Wednesday, 18 August 2010

Goodbye Little Venice

Friday 18th June


We went for a goodbye coffee at the Dutch barge, before leaving Little Venice. Big sister says she will really miss Barge Mum. Barge Mum and I decide to plan a meet-up of all the boat families we know. We untied our ropes and cruised past the Dutch barge to turn our boat in the direction of Camden. This is called ‘winding’ the boat. As we turned we could see the coot’s nest in the tyre fender of the Dutch barge. This is why Barge Mum and Dad don’t have to move on. They are outlaws – outside of the British Waterways law of continuous cruisers, which states that you must move at least every fourteen days.

Big sister helps me with the rubbish and recycling when we stop for water and pump-out at Little Venice. I climb out the window to rig up a torch on the roof of our boat, as The Doctor says the tunnel light isn’t working. We make do with stuff that is broken because a) we’re skint and b) we’re not very practical DIY people.

Big sister doesn’t like travelling on the boat because Daddy is steering, and cannot play with her. She’s watching the Jungle Book DVD indoors. Baby sister is on the back deck in her ‘Bumbo’ baby seat squealing and happy, chewing her teething ring.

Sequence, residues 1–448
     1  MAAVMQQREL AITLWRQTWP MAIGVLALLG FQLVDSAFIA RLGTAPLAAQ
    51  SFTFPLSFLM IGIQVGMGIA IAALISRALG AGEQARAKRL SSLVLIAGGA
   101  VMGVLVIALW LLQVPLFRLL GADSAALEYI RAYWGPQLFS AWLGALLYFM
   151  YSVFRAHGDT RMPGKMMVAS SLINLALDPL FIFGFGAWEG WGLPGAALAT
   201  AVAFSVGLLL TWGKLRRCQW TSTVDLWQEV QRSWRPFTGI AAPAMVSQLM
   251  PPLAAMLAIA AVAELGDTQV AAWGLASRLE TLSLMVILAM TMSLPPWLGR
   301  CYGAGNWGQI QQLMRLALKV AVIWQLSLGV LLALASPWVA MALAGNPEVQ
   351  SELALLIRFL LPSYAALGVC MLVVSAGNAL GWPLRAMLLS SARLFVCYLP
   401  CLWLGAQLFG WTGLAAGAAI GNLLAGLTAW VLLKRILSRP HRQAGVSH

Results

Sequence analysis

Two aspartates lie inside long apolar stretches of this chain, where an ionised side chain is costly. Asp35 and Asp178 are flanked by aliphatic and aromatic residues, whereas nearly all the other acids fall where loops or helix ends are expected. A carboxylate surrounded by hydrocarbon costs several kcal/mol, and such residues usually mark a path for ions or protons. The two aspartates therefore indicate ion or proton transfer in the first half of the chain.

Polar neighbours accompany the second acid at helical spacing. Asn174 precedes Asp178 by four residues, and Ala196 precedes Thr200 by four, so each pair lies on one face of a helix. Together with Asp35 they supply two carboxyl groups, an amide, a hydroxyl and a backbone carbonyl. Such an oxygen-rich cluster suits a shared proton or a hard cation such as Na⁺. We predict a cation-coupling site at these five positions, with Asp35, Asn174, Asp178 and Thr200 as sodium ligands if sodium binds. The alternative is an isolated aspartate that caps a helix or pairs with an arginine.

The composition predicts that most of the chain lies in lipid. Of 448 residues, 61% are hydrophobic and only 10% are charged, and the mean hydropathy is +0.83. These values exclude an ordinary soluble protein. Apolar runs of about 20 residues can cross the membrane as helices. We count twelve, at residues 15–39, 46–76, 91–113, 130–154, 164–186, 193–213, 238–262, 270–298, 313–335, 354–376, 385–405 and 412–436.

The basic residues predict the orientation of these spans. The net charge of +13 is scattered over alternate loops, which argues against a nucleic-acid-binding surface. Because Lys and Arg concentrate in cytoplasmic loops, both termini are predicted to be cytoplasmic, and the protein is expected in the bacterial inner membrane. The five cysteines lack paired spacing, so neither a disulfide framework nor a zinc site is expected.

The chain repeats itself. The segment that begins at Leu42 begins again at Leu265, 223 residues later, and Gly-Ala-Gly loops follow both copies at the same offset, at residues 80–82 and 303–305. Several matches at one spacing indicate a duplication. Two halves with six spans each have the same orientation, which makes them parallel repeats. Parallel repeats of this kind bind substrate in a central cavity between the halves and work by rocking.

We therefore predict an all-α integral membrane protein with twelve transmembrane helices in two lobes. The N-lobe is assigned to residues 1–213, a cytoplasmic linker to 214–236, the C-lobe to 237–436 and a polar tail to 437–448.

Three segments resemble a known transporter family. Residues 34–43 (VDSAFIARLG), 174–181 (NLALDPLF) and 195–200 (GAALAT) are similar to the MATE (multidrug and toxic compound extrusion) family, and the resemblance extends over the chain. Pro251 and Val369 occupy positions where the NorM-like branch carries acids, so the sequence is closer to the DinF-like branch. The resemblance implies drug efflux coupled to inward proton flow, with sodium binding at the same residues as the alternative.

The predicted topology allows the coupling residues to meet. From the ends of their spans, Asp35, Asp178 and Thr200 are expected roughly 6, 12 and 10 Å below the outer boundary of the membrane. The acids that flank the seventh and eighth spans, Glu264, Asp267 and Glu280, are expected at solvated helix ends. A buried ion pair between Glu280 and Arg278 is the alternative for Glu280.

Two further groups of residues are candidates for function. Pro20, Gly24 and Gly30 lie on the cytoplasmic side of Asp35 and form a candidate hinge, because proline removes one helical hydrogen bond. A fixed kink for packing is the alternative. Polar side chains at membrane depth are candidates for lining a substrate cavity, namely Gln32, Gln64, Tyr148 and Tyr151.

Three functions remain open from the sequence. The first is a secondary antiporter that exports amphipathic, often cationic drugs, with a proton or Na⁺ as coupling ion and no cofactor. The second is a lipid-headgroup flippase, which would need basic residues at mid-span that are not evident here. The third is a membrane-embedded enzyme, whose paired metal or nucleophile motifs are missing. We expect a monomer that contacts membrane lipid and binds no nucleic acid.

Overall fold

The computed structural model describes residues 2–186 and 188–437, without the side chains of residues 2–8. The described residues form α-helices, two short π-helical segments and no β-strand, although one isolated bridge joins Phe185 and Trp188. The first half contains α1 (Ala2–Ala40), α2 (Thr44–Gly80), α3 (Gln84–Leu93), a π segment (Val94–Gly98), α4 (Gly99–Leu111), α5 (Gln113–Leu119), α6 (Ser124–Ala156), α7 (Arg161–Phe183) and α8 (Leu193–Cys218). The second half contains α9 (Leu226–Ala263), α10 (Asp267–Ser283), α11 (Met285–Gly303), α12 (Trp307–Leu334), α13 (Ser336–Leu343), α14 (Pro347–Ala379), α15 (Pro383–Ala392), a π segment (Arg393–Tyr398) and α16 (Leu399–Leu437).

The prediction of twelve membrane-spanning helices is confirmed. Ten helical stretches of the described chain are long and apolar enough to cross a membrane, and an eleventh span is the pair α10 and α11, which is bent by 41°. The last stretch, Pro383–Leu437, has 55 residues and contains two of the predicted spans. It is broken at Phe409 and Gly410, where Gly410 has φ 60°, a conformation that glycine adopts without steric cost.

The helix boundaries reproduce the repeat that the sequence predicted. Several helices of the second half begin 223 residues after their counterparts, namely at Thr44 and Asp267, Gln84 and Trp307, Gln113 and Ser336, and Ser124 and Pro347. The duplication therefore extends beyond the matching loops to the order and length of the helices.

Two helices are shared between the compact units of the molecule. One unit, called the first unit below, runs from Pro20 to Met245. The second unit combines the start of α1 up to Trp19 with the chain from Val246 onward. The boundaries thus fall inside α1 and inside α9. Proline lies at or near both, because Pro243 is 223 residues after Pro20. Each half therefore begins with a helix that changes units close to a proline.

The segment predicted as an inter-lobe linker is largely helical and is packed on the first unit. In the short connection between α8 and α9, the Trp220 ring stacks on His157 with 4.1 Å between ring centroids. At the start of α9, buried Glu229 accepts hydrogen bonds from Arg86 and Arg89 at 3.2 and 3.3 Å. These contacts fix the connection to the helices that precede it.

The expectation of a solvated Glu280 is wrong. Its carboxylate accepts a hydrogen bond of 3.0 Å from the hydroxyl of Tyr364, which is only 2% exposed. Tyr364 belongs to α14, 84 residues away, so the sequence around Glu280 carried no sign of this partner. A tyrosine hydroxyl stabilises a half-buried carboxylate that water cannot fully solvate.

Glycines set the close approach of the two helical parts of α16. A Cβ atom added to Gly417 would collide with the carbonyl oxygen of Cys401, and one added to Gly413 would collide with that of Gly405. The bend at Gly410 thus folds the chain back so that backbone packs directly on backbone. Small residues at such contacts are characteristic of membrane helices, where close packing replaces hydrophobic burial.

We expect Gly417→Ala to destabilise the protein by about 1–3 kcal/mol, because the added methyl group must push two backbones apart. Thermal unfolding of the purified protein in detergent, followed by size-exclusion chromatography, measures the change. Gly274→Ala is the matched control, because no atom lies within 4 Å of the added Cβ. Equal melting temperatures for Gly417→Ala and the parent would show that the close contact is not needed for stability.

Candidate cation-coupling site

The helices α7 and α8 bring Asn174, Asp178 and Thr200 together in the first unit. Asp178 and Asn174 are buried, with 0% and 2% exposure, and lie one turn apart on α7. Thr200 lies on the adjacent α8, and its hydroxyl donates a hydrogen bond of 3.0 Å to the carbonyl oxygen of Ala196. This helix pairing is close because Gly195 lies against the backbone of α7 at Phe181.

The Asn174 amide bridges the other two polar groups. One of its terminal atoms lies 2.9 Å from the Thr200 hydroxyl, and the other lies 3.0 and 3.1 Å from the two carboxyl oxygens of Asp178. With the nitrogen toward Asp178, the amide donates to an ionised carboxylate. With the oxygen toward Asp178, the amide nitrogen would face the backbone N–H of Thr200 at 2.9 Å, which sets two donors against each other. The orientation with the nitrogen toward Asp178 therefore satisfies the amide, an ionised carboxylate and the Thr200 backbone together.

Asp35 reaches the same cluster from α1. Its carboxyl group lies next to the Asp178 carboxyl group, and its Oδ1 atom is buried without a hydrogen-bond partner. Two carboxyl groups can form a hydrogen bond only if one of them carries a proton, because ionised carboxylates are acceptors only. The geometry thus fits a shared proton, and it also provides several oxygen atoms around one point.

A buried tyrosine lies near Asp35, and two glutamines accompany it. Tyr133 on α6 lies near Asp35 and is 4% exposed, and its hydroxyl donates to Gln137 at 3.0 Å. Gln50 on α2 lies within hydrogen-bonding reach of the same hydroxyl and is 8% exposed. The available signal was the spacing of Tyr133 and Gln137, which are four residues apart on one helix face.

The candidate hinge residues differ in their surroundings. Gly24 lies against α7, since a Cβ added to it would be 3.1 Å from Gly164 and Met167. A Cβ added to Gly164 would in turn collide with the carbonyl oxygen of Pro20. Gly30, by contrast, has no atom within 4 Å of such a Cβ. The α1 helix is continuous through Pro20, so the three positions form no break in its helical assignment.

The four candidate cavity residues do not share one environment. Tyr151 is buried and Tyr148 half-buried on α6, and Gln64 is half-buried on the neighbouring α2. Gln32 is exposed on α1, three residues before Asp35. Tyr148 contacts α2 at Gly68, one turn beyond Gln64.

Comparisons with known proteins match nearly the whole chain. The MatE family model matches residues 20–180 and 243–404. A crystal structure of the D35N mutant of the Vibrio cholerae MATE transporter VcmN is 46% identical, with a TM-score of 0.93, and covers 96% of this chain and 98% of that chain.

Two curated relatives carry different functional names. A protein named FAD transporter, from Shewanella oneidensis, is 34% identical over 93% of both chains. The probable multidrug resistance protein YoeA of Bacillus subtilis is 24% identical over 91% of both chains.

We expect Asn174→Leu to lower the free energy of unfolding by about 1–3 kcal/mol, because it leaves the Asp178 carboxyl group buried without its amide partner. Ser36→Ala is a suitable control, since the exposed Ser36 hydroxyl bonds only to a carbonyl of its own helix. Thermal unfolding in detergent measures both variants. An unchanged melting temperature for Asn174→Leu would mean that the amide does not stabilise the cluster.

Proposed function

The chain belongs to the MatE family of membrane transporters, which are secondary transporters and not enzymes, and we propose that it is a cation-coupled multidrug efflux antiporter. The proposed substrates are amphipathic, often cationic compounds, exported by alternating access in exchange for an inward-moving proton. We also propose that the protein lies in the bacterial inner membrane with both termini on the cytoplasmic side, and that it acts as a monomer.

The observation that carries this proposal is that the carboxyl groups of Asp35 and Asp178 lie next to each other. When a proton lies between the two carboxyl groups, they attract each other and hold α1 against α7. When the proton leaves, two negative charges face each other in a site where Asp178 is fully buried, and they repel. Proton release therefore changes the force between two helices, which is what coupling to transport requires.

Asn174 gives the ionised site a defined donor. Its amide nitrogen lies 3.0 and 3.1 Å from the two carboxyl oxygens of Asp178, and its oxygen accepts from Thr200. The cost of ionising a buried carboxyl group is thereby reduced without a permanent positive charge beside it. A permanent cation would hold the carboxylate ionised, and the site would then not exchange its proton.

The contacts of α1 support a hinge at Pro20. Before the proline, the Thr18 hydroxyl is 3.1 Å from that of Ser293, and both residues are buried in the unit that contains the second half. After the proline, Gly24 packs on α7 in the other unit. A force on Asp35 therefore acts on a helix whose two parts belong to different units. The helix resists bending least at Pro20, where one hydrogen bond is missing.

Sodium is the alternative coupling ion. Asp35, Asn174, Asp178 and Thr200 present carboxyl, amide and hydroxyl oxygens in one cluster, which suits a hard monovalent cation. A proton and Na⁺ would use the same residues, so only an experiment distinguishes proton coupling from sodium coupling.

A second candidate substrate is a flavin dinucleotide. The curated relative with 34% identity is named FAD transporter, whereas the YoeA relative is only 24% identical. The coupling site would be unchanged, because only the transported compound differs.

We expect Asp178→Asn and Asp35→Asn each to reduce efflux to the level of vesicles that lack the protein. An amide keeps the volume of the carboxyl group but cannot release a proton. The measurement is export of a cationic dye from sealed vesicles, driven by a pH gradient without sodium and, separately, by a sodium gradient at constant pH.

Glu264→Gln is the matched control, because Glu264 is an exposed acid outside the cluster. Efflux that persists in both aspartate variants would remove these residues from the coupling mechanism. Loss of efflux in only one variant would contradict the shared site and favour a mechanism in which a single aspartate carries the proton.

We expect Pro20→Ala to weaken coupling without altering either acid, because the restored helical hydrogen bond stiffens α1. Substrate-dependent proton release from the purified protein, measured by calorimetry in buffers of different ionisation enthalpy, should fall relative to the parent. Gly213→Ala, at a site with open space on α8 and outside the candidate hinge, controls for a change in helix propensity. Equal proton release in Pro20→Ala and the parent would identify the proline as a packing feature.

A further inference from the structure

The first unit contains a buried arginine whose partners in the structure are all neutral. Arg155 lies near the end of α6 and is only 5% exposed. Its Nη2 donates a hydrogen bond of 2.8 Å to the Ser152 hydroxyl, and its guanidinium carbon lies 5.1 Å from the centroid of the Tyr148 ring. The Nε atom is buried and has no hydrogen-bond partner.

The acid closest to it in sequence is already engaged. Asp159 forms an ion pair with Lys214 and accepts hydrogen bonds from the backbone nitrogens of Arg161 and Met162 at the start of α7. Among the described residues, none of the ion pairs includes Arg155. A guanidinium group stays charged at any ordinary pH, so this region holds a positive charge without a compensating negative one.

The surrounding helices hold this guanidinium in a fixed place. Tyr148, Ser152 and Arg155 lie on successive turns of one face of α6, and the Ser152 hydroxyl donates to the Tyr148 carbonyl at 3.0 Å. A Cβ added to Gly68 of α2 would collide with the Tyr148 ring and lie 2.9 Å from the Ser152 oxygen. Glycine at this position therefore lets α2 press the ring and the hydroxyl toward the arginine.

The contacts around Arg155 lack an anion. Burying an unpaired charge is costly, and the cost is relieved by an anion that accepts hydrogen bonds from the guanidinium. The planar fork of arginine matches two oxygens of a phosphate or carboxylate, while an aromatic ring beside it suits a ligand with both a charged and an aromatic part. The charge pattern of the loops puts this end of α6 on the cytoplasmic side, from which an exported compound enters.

In Camden we tied up next to the boat that we previously moored beside in Paddington. I called out to Mrs Jones, perhaps she has the missing part to the washing machine that she was going to find? A tattooed boater bloke comes out on to the towpath and explains,
“That couple were on the run!” They didn’t pay their rent. The boat owner (who is a nightclub owner) paid some heavies to get them off the boat.
“Threw all the plants off of the roof and into the cut. They were selling things that didn’t even belong to them!”

We’ve not moored in Camden for over three years, it’s so difficult to get a space as it’s popular, and double mooring is no longer allowed (because of those pesky trip boats). So we’re pretty happy to find a mooring space, until Tattooed Boater says that there was trouble on the mooring last night – some boats got smashed up. Bless those Camden teenagers. So we untie the ropes and keep on cruising.

I begin multi-tasking again: Baby crying, get her up from nap, kettle on, do dishes, help Doctor with lock, Big Sister asleep on sofa as the Jungle Book credits roll. Baby is on the roof in the ‘Bumbo’. Tourist takes photo of her. I’m pushing the balance beam of the lock gate, red sandals slipping on stone paving slabs. Doctor steers the boat into the lock. Camden teenagers smoking a bong by the lock gate offer to help wind the paddles up. But doing locks is the only exercise I can get. Locks are exciting to me, I muse as I push, but not to the boat wife of yesteryear, who may do seventy in a day!
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